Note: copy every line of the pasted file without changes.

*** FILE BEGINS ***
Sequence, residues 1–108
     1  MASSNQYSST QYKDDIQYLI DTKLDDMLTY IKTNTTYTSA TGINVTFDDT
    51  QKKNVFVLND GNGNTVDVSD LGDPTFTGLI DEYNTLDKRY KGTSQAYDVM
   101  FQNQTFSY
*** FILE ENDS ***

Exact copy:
Sequence, residues 1–108
     1  MASSNQYSST QYKDDIQYLI DTKLDDMLTY IKTNTTYTSA TGINVTFDDT
    51  QKKNVFVLND GNGNTVDVSD LGDPTFTGLI DEYNTLDKRY KGTSQAYDVM
   101  FQNQTFSY